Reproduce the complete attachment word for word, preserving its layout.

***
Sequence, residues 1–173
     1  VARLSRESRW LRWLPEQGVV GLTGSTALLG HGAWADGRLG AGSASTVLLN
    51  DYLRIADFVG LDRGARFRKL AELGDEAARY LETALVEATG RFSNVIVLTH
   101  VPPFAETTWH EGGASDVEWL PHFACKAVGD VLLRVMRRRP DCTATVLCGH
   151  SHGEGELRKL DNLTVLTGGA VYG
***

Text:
Sequence, residues 1–173
     1  VARLSRESRW LRWLPEQGVV GLTGSTALLG HGAWADGRLG AGSASTVLLN
    51  DYLRIADFVG LDRGARFRKL AELGDEAARY LETALVEATG RFSNVIVLTH
   101  VPPFAETTWH EGGASDVEWL PHFACKAVGD VLLRVMRRRP DCTATVLCGH
   151  SHGEGELRKL DNLTVLTGGA VYG